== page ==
Nick Peters sat down with James Selka, CEO of the MTA, to discuss MACH 2018 and the legacy machines taking part in a very special exhibit.
In our last issue, we reported on some of the ground-breaking work being done by the AMRC in Sheffield in collaboration with partners from manufacturing and the software industry.
One of the key projects we wrote about involves a decades-old Bridgeport milling machine and a similarly aged Colchester lathe that has been retrofitted with sensors to make them Industry 4.0 compatible.
The machines had been given to the AMRC by the MTA (Manufacturing Technologies Association) and sensored up by PTC. You will be able to see them at MACH 2018 in April.
James Selka: We’re particularly proud of this exhibit, entitled ‘Digital Meets Manufacturing’.
The whole driver behind it is to show some of the smaller companies in the supply chain that really all this buzz around Industry 4.0 is not scary at all. The technology has never been more powerful and it has never been cheaper.
And now it’s not even a choice, because if you’re not investing in it, then somebody else is. I was at a company recently that is confident their turnover will grow from £20m to £60m in four years.
They are spending £7m this year on new equipment, including a lot on automation. They currently employ 150 people – they estimate they’re going to be employing 180 when they hit £60m.
This article first appeared in the March issue of The Manufacturer magazine. To subscribe, please click here.
Manufacturing is changing, and as we see from the statistics it’s also charging ahead – the sectors had a fantastic year. But, perceptions are not changing. People still think of manufacturing as something of a sideline in the UK economy. The statistics say it represents just 10% of GDP, a mere shadow of its former glory. At The Manufacturer, we get frustrated by that. Do you?
Oh, we get hugely frustrated. As long as the Treasury and the outside world believe that our manufacturing sector is only 10% of GDP, we will continue to come across as a well-meaning, but rather whiney community.
In fact, I believe that there’s some studies being done in America that show one can apply a multiplier effect to manufacturing of about three in terms of the extra economic activity it generates – do that, and suddenly we are around 30% of GDP. That would certainly attract the recognition and support the industry deserves.
Government is working on a new industrial strategy, a new sector deal is being negotiated by the Made Smarter team… Are you confident there’s a new era of positive relations between industry and government just around the corner?
I think to a large degree it is here. The very fact that we have an industrial strategy is a fantastic move forward. The fact that the government spent a long time and a lot of money engaging with both big enterprises and SMEs, not just through trade associations, was very encouraging.
However, what we all realise is that it’s far from the finished article, and there is still much work to do on how it’s going to be implemented.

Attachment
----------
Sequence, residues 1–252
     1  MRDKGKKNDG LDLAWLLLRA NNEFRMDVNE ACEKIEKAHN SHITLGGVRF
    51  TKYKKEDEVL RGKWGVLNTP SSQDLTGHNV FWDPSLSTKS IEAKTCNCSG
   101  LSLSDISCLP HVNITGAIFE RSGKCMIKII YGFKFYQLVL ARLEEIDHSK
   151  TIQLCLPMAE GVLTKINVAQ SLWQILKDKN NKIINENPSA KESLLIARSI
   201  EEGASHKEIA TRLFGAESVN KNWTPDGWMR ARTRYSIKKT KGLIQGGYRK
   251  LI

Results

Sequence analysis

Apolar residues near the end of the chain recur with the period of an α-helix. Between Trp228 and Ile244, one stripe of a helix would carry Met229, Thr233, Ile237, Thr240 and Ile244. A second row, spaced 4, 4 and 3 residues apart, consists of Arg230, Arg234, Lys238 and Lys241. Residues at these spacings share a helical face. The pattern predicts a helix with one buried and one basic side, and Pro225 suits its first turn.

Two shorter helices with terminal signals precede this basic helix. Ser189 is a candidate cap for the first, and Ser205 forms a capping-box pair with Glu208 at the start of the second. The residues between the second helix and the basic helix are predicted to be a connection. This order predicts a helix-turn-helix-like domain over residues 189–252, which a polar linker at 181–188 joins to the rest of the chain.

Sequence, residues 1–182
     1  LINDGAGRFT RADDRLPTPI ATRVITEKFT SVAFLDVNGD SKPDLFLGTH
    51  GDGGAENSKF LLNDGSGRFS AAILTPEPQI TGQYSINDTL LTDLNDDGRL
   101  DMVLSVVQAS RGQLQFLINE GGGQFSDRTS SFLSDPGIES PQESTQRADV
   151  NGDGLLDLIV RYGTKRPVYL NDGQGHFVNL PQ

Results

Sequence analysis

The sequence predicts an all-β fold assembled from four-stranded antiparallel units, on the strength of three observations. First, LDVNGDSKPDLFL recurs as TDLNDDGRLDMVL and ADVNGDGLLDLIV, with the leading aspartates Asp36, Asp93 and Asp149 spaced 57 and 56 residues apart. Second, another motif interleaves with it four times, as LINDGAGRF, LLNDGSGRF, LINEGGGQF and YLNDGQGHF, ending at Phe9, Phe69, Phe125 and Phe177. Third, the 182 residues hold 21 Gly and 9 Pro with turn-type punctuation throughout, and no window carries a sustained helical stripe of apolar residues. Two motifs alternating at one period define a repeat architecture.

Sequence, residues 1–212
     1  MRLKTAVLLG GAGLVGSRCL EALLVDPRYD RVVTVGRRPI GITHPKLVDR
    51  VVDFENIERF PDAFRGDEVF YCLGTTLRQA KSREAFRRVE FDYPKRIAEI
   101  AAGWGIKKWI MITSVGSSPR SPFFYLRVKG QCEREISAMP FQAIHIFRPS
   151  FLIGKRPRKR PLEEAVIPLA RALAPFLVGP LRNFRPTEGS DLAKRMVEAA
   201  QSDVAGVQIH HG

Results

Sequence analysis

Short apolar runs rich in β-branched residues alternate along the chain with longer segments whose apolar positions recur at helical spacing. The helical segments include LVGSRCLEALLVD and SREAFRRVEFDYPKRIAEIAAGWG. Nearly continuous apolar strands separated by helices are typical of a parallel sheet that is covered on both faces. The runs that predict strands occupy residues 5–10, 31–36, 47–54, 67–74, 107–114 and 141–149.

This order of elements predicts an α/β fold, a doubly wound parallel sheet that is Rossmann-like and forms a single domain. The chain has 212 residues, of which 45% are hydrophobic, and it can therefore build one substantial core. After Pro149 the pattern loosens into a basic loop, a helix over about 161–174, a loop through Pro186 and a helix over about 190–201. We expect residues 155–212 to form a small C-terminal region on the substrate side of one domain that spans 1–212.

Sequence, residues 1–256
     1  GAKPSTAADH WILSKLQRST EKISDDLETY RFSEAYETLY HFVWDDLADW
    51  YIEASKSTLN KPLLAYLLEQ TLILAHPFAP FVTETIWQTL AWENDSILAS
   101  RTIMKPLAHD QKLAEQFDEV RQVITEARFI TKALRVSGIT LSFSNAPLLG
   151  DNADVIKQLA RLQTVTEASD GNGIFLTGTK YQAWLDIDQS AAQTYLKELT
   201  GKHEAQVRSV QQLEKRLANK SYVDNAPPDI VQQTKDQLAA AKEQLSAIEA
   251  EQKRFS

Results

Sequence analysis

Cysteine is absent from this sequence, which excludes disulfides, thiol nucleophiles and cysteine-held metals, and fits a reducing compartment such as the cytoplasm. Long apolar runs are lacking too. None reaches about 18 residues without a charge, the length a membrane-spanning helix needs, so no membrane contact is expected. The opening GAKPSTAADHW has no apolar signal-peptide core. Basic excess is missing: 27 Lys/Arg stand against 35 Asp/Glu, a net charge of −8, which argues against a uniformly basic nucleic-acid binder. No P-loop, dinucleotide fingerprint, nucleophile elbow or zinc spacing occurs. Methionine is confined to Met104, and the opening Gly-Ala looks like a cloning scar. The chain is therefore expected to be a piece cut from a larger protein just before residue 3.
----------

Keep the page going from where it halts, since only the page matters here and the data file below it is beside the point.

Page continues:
There’s also the great British public and its misplaced perceptions about manufacturing. That plays into the skills gap because parents tell their children, “You don’t want to go into manufacturing, it’s not a great career. It’s a dead-end street.” That has to change, does it not?
It must change. Parents are probably the most influential careers advisors to their children. If their personal experience was growing up in the 70s and 80s, then it’s no wonder that’s the perception they have and the advice they provide.
But, what other industry can you join at 16 – or in some cases, if you went to a UTC arguably a little earlier – go all the way through, be paid to be part of it and through an advanced apprenticeship come out with a PhD and no debt? We need shooting if we can’t get that message across.
Manufacturers do sometimes have a tendency to whinge about the fact that the landscape around them is conspiring to slow them down. The skills gap we’ve just mentioned, Brexit, and a host of other things – a mottled landscape of support structures, for instance. If you had a magic wand, how would you change things?
I would start by conducting a study into what real, positive impact manufacturing actually makes to the UK economy. This would change perceptions and would add to current favourable government thinking.
Despite Brexit and despite some of the massive under-investment, we firmly believe that the UK is the most amazing place to manufacture.
Just take some facts – since the Brexit decision, companies such as Boeing, have decided to manufacture in Europe for the first time. Where are they doing it? In Sheffield. McLaren have decided to set up another plant in the UK, in Sheffield.
We’ve got Nissan making big, new investments. Then there’s Toyota, and Airbus. These are headline examples of much of the good things that are going on, but which, as you rightly point out, are simply not noticed.
To pick up on your point about figures not adding up, how else would we contribute 44% of the nation’s exports if we were only genuinely 10% of GDP? There is a big arithmetical argument to make.
Music to my ears. In fact, to add to those statistics, 70% of all non-governmental investment in R&D in this country is in the manufacturing sector. We must all work together to get some independent data that is credible to all parties outside the industry. That, I believe, would be a really good first step.